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Court of Appeal rules on effect of civil proceedings orders

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In an important judgment handed down today concerning the rights of vexatious litigants in all courts and tribunals, the Court of Appeal in Williamson v The Bishop of London and others [2023] EWCA Civ 379 considered the effect of breach of the prohibition contained in a civil proceedings order made under s.42(1A) SCA 1981.

A Civil Proceedings Order (CPO) is imposed on vexatious litigants pursuant to s.42 of the Senior Courts Act 1981 (SCA). A CPO is directed “only at vexatious litigants, who are as often as not motivated more by a desire to enjoy the oxygen of the legal process than any desire for or expectation of redress from it.” It is a requirement of a CPO for a vexatious litigant to obtain prior permission to institute civil proceedings from a High Court judge. Williamson confirms the draconian effects of a CPO. If proceedings are filed without prior proceedings having been obtained, the proceedings are a nullity.

The Reverend Paul Williamson is the subject of a CPO. He filed ET proceedings for age discrimination without first having obtained the required leave. He later obtained leave and sought to argue that the permission obtained had retrospective effect. The ET held that it had no jurisdiction on the basis that the ET claim, filed in breach of the requirement to obtain prior permission, was a nullity. The EAT (Eady P) upheld that decision which is now reported at [2022] ICR 1670.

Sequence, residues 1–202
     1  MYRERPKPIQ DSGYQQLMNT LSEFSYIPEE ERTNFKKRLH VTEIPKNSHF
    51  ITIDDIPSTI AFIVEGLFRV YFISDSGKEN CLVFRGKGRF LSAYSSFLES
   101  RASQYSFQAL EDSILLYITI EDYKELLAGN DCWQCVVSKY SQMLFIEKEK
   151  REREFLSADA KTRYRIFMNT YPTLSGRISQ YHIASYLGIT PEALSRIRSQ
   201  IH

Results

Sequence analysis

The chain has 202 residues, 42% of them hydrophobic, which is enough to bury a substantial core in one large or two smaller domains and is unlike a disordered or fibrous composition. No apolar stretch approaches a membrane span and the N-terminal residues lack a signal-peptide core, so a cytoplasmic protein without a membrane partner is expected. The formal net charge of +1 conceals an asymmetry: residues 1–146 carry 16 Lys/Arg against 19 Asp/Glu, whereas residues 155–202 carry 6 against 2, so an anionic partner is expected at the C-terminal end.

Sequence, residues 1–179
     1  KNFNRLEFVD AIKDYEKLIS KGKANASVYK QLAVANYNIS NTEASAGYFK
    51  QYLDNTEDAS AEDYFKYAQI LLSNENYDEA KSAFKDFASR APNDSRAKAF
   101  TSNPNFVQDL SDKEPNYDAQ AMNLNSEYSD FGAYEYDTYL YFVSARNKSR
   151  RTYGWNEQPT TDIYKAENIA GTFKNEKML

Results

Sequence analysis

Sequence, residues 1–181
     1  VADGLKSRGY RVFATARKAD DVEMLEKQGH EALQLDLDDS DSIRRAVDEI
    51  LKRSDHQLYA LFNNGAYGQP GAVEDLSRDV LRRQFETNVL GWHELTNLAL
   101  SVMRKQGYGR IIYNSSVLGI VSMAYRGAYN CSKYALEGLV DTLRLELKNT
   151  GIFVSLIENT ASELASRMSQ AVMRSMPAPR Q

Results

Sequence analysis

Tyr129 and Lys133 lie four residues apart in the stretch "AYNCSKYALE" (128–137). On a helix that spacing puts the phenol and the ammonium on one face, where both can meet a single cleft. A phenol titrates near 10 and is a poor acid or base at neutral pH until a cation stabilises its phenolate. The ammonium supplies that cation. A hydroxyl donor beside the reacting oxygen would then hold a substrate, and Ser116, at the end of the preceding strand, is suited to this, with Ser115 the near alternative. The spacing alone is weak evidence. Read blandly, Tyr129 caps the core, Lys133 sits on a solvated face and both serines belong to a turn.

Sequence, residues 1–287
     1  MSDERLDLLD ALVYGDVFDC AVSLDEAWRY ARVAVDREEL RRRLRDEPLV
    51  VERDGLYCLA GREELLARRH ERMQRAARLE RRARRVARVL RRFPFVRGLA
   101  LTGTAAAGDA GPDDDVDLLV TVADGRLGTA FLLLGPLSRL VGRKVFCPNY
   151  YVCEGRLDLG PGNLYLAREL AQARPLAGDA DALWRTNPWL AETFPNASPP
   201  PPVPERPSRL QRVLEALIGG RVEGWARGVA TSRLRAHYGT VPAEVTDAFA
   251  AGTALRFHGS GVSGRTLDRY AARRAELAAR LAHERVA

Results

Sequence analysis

The Court of Appeal held (per Simler LJ with whom Popplewell LJ and Baker LJ agreed) that Parliament intended to make leave under s.42 SCA a jurisdictional bar to the institution of effective proceedings where a CPO has been made. Neither the prospective respondent nor the court is required to take action where a proposed claim is made by a vexatious litigant unless and until the proceedings have the required leave of a High Court judge. The requirement to obtain permission thus acts as a filter and a safeguard against vexatious litigation. The very inflexibility of the provision was an integral part of the protection it affords.

Edward Kemp successfully represented the Bishop of London and other Respondents leading Bláthnaid Breslin of Littleton Chambers and was instructed by Susan Kelly of Winckworth Sherwood LLP.

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